|Date(s):||1942 to 1960|
|Tag(s):||Public housing, Detroit, WWII, Gratiot Park, Mayor Cobo, Arsenal of Democracy, housing segregation|
|Course:||“Environmental History in Detroit,” University of Michigan|
In January of 1942 in the brink of World War II(WWII), Federal Price Administrator Leon Henderson ordered that the city of Detroit to stop making automobiles for citizens and start military production for the United States. Factories stopped production and began to make weapons, planes, trucks, and tanks for the Allied forces. President Franklin D. Roosevelt ordered citizens to unite and help our factories make military equipment for the Allied forces. Detroit’s factories ability to supply the demand of the Allied forces gave it its nickname of, “Arsenal of Democracy.” Over 350,000 workers migrated to Detroit to help out in the factories. Because so many Americans were overseas fighting for our country, shortage in factory workers opened the door for women to begin working in the factories too. But with more people moving to Detroit to find jobs, this caused added stress to the already deteriorating Detroit.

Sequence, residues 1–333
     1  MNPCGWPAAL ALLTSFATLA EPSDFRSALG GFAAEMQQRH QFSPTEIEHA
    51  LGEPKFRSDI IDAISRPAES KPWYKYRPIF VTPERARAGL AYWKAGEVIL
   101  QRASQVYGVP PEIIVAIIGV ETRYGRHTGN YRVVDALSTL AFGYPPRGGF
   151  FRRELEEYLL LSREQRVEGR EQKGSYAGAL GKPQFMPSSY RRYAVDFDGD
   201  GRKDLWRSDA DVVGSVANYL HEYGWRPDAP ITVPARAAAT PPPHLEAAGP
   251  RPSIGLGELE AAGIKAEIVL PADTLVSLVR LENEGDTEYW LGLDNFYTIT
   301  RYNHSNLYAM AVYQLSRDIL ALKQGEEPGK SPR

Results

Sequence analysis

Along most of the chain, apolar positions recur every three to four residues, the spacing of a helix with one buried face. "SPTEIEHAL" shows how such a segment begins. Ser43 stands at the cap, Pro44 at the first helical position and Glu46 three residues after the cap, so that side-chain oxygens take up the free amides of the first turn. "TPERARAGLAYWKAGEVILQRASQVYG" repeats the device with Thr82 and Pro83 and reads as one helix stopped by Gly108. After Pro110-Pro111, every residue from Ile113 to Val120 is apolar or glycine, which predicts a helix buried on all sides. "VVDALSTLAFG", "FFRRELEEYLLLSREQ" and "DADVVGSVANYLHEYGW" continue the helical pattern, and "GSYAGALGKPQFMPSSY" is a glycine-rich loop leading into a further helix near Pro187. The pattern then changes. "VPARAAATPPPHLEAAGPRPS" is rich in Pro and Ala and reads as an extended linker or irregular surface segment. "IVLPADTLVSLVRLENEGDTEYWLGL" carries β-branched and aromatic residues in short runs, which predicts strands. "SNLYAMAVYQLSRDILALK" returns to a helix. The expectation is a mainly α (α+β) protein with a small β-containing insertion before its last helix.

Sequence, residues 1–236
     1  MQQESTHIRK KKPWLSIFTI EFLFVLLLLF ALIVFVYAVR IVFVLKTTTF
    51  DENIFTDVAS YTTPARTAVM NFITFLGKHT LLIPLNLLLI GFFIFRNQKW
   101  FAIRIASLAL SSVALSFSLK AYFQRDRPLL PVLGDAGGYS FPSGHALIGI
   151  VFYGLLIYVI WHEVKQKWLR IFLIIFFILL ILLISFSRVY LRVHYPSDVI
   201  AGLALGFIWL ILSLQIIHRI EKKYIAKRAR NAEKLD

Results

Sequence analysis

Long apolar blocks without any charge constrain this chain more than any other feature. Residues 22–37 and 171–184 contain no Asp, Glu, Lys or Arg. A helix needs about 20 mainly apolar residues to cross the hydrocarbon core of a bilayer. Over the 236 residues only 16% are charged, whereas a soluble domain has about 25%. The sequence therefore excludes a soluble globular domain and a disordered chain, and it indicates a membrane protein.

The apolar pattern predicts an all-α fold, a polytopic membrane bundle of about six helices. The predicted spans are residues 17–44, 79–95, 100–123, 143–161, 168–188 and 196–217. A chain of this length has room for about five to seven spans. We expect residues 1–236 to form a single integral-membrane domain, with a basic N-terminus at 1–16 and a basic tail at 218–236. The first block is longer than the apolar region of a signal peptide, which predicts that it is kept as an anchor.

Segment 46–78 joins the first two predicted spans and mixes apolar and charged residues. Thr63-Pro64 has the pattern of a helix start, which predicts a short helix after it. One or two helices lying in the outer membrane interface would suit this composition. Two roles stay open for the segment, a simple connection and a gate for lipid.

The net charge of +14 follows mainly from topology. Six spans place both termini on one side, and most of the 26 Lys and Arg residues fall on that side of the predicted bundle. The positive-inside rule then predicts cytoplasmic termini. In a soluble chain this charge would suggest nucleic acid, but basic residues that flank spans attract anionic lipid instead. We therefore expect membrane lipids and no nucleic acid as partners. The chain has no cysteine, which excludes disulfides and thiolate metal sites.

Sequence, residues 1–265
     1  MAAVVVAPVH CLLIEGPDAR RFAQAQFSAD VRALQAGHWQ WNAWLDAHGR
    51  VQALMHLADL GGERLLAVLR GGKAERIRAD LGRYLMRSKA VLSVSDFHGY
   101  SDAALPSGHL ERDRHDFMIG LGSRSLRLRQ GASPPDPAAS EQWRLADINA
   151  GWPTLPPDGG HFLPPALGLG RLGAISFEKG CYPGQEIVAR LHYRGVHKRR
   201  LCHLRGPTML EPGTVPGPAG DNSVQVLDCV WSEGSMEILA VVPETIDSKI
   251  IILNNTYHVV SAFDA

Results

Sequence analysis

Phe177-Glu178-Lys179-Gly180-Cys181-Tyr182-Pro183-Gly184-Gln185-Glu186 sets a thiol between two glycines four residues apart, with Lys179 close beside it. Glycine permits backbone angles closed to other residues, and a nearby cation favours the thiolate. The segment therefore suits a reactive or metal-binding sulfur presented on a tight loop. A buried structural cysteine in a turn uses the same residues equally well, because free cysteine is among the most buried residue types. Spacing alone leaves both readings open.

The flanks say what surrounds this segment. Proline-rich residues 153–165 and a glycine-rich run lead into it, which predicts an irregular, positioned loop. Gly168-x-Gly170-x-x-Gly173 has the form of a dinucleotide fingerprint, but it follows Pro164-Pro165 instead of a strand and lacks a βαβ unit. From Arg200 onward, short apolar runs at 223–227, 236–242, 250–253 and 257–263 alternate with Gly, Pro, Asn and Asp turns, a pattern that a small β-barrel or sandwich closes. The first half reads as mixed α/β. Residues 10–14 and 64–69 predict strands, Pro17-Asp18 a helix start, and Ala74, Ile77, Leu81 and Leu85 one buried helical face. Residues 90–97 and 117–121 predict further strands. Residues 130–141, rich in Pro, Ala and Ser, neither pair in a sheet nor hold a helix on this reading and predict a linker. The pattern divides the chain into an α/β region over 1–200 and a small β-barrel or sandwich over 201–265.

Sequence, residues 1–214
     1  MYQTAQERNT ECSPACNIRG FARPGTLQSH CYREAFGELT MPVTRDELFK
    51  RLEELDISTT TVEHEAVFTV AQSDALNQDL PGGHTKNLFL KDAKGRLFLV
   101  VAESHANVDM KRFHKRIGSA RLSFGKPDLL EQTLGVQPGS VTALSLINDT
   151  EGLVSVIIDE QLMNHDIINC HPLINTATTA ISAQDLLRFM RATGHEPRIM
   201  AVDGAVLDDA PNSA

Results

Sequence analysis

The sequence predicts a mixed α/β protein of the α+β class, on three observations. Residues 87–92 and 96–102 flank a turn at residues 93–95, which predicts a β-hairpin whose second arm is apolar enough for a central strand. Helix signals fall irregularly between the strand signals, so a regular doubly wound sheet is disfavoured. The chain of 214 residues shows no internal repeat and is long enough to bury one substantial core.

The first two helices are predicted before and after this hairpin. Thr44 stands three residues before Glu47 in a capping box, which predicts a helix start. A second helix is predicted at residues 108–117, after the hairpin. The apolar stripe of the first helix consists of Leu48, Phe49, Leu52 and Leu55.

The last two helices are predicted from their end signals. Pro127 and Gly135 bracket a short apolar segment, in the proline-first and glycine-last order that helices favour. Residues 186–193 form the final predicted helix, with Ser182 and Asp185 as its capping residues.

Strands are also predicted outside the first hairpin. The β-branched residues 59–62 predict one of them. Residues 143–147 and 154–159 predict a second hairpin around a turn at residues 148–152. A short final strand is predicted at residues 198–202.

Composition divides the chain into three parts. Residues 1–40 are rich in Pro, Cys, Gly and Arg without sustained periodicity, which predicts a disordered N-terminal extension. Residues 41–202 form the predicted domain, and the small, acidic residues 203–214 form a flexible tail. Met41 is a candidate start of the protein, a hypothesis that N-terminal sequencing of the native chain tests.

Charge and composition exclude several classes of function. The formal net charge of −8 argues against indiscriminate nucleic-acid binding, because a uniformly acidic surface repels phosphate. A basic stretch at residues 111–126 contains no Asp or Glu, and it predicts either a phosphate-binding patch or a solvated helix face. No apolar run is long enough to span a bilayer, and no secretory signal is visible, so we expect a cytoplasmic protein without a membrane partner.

Post-WWII, Detroit began to slowly crumble and the rapid population growth was becoming to be rapidly declining. The new mayor of the city, Albert Cobo, promised to “stop scattering public housing projects throughout the city and to build them only at segregated, inner-city sites.” Mayor Cobo wanted to centralize public housing in order to protect white homeowners elsewhere. But despite his efforts, Cobo couldnt find private developers willing to build in areas known as “black ghettos” and attract whites to move in such housing areas. Public housing for people needing to be relocated were never built so overcrowding became more prevalent in inner city Detroit. Without a functional public transportation system in Detroit, the inner city became congested, overpopulated, and inevitably began to deteriorate.